In the Newcastle suburb of Gosforth, an old man lingers in the garden of a house that was once his. Benjamin Storey’s short play Gutter Weeds is an emotionally rich, bittersweet portrait of a man who can’t let go of his grief, and how it creeps into the lives of others. Featuring Dominic McBride as Bill and Samantha Neale as Sam, the new tenant, Storey’s script brims with life and a certain warmth as we watch these unlikely friends talk, dance and potter about in the unkempt garden.
The great strength of this piece certainly comes from the empathy with which Storey treats his characters; it would be easy to paint Bill as an unsympathetic presence given that he is essentially trespassing onto Sam’s property, offering unsolicited advice on how to decorate the place, and becomes increasingly critical of anything or anyone deemed too modern for his sensibilities. However, Storey does not present him as malicious or condescending, rather as a lonely old man desperately clinging to the happy times now behind him after the death of his wife.
Bill’s grief is not sanitised or softened, and we do see bursts of anger and denial from him. But neither Storey nor the new tenant Sam seem to judge him for this. The result is an emotionally complex, honest portrayal of what it is to live with grief. Equally, Samantha Neale’s performance as Sam is feisty and full of life, a spirited contrast to the subdued Bill. Although a large amount of the narrative focus is placed on Bill and we get little insight into Sam’s past from the script, Neale presents her as a kind but assertive force who tries her best to coax Bill into the world of the living, despite having every reason not to.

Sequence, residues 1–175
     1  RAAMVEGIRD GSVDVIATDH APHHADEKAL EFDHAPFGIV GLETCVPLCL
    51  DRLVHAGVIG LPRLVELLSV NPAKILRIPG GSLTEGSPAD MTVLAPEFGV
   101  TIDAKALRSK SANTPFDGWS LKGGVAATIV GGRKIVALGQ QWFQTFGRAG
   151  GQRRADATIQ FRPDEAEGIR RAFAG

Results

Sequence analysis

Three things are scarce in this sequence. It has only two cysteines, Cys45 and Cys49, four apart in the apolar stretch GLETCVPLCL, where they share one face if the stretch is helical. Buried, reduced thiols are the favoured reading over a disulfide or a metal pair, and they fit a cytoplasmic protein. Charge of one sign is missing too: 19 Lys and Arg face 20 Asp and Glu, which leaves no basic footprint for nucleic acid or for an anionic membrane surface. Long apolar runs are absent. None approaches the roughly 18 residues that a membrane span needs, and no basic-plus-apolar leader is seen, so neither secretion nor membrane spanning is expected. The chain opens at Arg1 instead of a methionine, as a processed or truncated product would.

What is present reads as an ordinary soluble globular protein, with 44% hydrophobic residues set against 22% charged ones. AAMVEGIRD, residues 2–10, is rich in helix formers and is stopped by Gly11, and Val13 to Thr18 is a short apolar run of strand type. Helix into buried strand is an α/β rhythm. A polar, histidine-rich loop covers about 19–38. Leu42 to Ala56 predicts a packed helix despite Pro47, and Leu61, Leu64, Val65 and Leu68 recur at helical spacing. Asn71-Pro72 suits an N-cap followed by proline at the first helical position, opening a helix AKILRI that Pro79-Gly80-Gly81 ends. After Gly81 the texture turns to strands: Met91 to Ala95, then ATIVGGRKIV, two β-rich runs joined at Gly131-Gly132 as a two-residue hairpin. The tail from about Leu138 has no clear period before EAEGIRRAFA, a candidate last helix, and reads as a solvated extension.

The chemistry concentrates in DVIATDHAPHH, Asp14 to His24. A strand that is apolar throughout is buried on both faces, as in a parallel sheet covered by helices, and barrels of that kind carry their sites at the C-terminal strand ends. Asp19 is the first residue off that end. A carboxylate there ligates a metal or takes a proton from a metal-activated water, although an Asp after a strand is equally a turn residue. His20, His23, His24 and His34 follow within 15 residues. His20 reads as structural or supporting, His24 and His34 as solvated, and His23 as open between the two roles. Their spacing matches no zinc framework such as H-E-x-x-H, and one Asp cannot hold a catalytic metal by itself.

However, my one slight criticism with this script is the conclusion it leads to, in the form of Bill demanding to know if Sam ‘[loves] this house’, to which she hesitantly replies. Sam’s initial evasiveness and Bill’s insistence that she must answer comes across as forceful, and her eventual ‘yes’ feels uncomfortable, as if she is just telling him what he wants to hear if it means that he will leave. It suggests that ultimately Sam’s attempts to help Bill let go have proved futile and eventually she, presumably like the two previous sets of tenants, will have to pander to Bill’s refusal to move on, even if it means him constantly encroaching on her space. Perhaps this is the intended message, but to me it felt a little unsatisfying. Bill’s story is a tragic one and I hoped that perhaps Sam’s influence and patience with him might bring about the change he so sorely needs, but instead his character ends up in the same place he started.
Despite this, overall Storey’s writing is emotionally intelligent, thoughtful and flows naturally as dialogue, and the performances from the two actors are warm and tender.
Gutter Weeds is playing as part of the 10 Minutes To Call Home digital programme until 31 October. For more information and to stream, visit Live Theatre online.